HIV and other sexually transmitted infections (STIs) threaten the health and well being of poor African American communities. The incidence of HIV is seven times higher among African Americans than among whites1 with disproportionate transmission through heterosexual contact.2 Young people are particularly at risk. In 2007, African Americans ages 13 to 29, while only 17% of the population, represented 72% of new HIV/AIDS cases in this age range.3 African-American youth are also disproportionately affected by other STIs that increase the odds of HIV infection. 4, 5 Given these patterns, it is urgent to develop HIV/STD prevention interventions that can reach large proportions of African-American adolescents at risk for STIs and HIV.

Mass media interventions are well-suited to meet these goals because of their wide reach6 and ability to provide culturally tailored and developmentally appropriate risk reduction content.7, 8 Furthermore, because adolescents often feel uncomfortable discussing sexual matters with parents, mass media messages can be an effective tool for providing accurate information related to HIV/STDs.9 Experience with media interventions for adolescents in the U. S.10-12 and elsewhere13-15 suggests that media messages can promote safer sexual behavior in entire communities. Until recently no attempt had been made to evaluate HIV-prevention media campaigns directed specifically to high-risk African-American communities. In 2006, project iMPPACS1 launched a culturally and developmentally sensitive media program for African American youth in two midsized U.S. cities with high STI and HIV rates. Based on formative research,16, 17 the intervention used dramatic vignettes that showed adolescents resolving dilemmas regarding safer sex, especially condom use, as well as resisting pressures to engage in sex.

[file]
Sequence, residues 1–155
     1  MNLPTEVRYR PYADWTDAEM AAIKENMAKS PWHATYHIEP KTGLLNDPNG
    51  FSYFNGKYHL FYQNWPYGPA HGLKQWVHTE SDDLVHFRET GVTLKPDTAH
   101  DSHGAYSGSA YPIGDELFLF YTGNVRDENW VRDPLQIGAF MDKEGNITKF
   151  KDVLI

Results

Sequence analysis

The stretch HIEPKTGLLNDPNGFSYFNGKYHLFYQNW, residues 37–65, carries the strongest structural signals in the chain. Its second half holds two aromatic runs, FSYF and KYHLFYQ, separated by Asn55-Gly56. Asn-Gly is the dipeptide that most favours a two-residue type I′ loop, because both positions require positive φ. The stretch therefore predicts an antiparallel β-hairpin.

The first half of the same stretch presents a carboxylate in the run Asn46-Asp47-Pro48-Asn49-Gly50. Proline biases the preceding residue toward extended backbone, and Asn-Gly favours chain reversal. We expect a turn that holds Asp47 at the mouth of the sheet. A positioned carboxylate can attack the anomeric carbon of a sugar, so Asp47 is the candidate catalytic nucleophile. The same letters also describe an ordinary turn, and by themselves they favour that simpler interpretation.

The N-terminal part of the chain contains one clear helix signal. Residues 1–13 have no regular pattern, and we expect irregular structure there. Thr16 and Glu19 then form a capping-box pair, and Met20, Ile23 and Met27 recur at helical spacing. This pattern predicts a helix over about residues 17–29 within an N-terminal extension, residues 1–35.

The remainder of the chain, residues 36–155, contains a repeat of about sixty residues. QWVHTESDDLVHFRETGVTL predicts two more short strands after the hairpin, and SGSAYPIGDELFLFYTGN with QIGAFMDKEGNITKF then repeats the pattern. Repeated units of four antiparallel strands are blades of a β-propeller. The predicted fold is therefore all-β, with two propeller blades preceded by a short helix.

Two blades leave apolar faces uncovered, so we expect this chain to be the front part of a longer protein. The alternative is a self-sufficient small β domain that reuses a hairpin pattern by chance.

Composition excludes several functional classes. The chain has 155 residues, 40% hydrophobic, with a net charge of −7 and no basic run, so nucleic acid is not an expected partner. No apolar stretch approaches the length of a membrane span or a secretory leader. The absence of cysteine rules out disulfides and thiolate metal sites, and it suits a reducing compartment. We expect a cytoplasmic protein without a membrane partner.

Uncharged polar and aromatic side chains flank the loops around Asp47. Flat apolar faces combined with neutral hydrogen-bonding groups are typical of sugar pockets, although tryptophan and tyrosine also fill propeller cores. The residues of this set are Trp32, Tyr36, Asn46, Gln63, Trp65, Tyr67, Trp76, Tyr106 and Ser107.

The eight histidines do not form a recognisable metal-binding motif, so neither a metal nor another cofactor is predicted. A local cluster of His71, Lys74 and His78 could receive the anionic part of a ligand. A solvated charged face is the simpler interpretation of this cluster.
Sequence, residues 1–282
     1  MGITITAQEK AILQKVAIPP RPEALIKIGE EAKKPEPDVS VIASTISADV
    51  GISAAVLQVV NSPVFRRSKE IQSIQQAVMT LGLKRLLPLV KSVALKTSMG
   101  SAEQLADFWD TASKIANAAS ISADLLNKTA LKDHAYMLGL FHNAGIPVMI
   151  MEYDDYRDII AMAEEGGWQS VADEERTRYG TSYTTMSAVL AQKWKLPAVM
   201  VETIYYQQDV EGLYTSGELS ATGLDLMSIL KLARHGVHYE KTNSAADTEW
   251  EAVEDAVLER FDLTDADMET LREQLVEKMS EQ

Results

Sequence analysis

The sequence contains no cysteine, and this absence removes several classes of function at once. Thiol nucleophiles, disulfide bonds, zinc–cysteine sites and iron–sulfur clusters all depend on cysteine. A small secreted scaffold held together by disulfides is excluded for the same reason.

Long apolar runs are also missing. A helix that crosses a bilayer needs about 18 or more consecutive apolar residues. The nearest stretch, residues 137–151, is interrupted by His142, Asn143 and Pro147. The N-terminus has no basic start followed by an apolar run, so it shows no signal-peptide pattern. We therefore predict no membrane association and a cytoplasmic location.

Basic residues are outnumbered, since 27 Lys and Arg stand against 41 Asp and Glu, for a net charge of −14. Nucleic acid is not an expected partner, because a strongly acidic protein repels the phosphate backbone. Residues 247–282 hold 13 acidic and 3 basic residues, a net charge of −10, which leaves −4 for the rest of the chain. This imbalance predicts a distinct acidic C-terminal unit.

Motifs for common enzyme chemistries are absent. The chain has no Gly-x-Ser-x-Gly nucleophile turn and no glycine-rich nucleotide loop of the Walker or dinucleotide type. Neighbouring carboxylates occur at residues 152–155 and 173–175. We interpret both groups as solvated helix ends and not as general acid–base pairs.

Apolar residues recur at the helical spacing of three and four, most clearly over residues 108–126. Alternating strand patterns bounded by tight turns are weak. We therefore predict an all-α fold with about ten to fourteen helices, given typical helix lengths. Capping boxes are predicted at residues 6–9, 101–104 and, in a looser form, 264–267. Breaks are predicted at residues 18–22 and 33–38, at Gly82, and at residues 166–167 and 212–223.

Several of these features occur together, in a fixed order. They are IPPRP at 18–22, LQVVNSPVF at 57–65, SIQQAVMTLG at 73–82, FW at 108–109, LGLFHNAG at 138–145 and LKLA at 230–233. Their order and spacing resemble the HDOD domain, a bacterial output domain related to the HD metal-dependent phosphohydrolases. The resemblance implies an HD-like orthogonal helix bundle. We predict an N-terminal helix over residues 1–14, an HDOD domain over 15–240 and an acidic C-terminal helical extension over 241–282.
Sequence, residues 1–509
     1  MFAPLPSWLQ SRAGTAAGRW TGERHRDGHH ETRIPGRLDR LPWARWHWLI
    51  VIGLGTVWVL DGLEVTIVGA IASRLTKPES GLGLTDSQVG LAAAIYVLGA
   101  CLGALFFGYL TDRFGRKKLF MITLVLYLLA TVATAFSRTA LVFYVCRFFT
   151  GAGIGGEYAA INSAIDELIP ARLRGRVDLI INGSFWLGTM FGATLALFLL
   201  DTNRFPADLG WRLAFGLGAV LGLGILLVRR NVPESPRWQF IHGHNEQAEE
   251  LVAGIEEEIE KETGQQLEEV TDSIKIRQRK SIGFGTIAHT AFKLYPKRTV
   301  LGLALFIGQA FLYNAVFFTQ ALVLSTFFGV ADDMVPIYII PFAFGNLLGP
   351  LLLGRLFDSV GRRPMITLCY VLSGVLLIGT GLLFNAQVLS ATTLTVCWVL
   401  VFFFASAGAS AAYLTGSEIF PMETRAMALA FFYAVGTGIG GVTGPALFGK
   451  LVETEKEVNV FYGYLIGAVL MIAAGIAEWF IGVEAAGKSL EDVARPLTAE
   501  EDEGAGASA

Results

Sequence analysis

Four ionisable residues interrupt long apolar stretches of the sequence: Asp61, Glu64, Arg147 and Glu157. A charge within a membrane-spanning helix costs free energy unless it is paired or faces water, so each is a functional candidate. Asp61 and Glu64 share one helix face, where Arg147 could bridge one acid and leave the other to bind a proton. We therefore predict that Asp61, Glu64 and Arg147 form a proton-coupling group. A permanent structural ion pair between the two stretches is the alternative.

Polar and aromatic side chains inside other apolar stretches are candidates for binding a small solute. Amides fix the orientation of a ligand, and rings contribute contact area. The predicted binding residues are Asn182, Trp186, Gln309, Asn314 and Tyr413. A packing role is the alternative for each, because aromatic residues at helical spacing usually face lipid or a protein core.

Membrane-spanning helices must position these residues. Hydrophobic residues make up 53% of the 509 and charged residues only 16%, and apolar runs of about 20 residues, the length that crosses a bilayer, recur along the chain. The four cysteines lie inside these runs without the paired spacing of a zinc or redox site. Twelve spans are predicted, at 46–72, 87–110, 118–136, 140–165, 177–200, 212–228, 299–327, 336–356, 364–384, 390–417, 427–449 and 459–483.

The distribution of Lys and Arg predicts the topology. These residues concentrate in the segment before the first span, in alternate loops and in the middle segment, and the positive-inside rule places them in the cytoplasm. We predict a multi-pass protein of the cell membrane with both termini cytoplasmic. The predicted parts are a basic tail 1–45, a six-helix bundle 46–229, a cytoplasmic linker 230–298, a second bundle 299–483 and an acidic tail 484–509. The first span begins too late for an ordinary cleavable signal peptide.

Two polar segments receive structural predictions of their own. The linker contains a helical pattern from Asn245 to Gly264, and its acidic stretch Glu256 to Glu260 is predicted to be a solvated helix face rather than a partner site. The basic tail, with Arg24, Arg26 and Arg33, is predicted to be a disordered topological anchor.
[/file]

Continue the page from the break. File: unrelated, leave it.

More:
We previously reported effects of the media program for youth during the recruitment period of the intervention (an average of 8 months of media exposure). To identify high-risk youth, we screened all adolescents who participated in the trial for three STIs. We predicted that the media intervention would have its greatest effects among the highest-risk adolescents (i.e., the 6.5% who tested STI positive) who would recognize their vulnerability to infection and relate well to the characters and dilemmas depicted in the media messages. Nevertheless, we also expected the media program to affect all youth who engage in unprotected sex. Although the intervention improved a wide range of HIV-preventive beliefs, it only reduced unprotected sex among the highest risk youth.16